Tuesday, February 23, 2010
It may not look like much, but that trench with the pipe in it is important. A guy was finally able to drive his heavy tractor over that rain-drenched fill yesterday and not sink to his axles as he dug a place for a drain pipe to run from the house to the septic tank. At last, if we bring water into the house, there's a place for it to go when it leaves. The last structural hurdle has been passed. We are celebrating our ability to dispose of our sewage. Who knew????
Detail work on the inside is becoming finer and finer. The wood floors are all in; carpets are now being laid. Trim details are being looked after, as are a couple of small projects that had to wait for this stage in construction. A "preliminary final inspection" will be made this week; after that the electricity will be turned on and the house will be heated. Protective covering from the finished floors will be removed, so we can enjoy that golden bamboo in all its glory. The process begun nearly 18 months ago with the removal of the first strip of paper from a wall in Arlington, this obsession with real estate and houses, builders and yes, sewage pipes, will soon be over. We will occupy our new house within three weeks!
I have no idea what this new life, so long anticipated, will really be like, but I can barely wait to start living it in what I know will be gorgeous surroundings. It's not time to write a valedictory to our current limbo existence, not just yet. Rest assured, though, ideas are percolating. We have been given much. We've experienced abysmal lows that have made subsequent highs seem stratospheric; we have made the happy acquaintance of people in places and walks of life we'd never have imagined, and we have learned.
As long as we are transitioning, that's what I'll continue to report on. Soon, though, it will be time for reflection and just plain enjoyment.
Wednesday, February 3, 2010
What you see above is a fish tank, but it's not just any fish tank. It's actually an old apothecary jar for which Steve's mother macraméed that hanger more than 30 years ago, back when macramé was all the rage, and which has been hosting a fish ever since. If you look closely, you can see Tiny, our bumblebee cichlid, swimming at the top.
In the house in Arlington, Tiny and his cool house were seldom seen because they hung upstairs in the "private" part of the house--few guests ever went up there. In the new house down here, however, he'll be on regular display, hung dramatically in the great room on a 30-foot chain from the vaulted ceiling. He'll be right next to the fireplace, the first thing you see as you look straight ahead upon entering the front door.
One of the many wonderful people we've met through our home-building adventure here is a guy named Richard, who works as a handyman for Gary, our builder. He came here to the rental last summer to do some work on the floors, and the first thing he noticed was the fish tank. Turns out he loves pet fish, has had a sideline for years building unique wood stands for standard aquariums, and happens to have a larger apothecary jar (the one above is 5 gallons; his is 10) that he's been wondering what to do with. At the time, he said he'd give the jar to us when we got settled into the new place, and there the matter lay.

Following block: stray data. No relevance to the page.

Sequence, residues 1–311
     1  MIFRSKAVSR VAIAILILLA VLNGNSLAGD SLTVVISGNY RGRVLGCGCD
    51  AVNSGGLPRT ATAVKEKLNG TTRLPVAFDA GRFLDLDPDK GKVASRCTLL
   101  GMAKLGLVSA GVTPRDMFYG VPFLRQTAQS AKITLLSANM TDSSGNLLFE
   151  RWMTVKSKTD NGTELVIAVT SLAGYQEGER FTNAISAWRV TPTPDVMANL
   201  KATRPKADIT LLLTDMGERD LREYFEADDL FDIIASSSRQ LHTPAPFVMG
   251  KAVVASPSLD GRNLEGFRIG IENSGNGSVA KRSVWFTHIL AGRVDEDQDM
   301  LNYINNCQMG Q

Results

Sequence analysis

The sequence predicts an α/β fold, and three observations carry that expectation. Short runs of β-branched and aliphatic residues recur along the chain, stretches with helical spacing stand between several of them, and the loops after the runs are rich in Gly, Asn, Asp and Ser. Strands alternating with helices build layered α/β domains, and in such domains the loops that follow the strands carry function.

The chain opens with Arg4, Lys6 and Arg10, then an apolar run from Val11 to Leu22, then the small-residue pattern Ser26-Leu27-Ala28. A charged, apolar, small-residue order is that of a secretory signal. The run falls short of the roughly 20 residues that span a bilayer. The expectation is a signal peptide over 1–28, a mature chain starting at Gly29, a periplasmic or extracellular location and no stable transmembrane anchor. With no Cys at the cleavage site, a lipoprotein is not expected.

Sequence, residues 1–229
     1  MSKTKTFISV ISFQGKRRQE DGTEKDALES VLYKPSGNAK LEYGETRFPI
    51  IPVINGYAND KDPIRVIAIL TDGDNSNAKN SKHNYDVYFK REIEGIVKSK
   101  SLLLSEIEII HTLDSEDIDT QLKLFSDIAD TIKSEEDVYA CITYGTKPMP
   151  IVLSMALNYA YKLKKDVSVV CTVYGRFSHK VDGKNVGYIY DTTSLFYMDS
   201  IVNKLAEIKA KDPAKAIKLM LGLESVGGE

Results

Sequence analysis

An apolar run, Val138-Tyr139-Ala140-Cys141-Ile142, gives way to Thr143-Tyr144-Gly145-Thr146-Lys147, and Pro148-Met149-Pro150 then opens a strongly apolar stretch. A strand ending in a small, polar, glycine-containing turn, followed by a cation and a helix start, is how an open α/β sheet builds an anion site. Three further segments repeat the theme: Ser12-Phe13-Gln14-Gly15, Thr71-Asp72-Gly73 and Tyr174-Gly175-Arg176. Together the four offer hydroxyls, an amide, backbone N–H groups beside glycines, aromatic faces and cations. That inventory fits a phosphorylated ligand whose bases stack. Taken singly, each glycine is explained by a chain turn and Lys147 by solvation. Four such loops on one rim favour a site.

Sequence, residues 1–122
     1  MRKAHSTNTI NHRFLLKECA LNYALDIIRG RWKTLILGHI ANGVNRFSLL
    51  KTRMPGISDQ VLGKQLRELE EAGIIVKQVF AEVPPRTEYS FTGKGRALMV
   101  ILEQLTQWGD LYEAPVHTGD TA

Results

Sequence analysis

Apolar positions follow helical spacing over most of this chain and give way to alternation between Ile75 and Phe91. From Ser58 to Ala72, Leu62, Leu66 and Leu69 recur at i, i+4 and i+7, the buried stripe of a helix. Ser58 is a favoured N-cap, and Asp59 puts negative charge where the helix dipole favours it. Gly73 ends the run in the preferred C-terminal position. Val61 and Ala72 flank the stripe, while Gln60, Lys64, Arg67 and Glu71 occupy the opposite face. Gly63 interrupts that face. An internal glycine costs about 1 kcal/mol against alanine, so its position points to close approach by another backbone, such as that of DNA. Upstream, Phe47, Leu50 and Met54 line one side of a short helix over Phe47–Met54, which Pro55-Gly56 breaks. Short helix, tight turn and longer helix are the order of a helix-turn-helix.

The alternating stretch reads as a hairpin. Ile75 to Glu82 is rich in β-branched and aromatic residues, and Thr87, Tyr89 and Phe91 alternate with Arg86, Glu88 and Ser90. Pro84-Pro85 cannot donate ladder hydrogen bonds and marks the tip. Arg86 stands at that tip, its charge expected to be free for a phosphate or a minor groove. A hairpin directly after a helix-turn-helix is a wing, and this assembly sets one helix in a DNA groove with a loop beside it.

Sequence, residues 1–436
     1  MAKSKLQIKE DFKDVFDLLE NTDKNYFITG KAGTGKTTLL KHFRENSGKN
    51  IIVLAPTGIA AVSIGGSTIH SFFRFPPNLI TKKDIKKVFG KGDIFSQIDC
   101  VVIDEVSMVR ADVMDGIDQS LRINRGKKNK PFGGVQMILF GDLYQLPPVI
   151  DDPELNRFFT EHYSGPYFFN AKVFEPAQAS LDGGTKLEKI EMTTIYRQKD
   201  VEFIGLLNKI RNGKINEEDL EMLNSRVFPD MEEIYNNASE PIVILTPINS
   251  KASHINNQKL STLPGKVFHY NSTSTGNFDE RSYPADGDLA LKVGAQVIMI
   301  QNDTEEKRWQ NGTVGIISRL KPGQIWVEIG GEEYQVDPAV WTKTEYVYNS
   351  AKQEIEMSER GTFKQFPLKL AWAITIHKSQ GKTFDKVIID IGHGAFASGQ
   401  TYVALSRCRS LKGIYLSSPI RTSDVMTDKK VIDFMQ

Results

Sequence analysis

Now Richard is the one putting the stain on all the oak woodwork in the new place, and we've caught up with him as we're there painting while he does his staining work. Yesterday he mentioned our fish tank again, and was excited when we told him where it would hang in the great room. He told us he'd bring his 10-gallon jar to us whenever we were ready for it--and he also wants to give us some cichlids! (We discovered that Tiny doesn't appreciate company in his 5-gallon quarters: he ate the roommate with whom he came to us within a day of their arrival. Maybe he'll do better in larger accommodations.) These jars are not inexpensive and they are hard to find. This is a true gift, one of the many that have come to us unbidden in this new place.
So now Steve has another project on his list: replace the macramé hanger, which is starting to dry-rot and won't hold a larger jar anyway. I tried macramé--it didn't work for me. Steve enjoys doing it just because he likes it, and it's also a way of honoring his mother. It's wonderful to be able to surround yourself with things that are not only beautiful but have such great backstories. You don't just admire them; you love them.
Update: the neighbor cabinet-maker came in with a price we can live with, especially considering that armoires for today's wide-screen TVs are not yet being manufactured for the mass market. So we'll have a truly unique and distinctive piece of furniture as a focal point in the room instead of an ugly TV screen.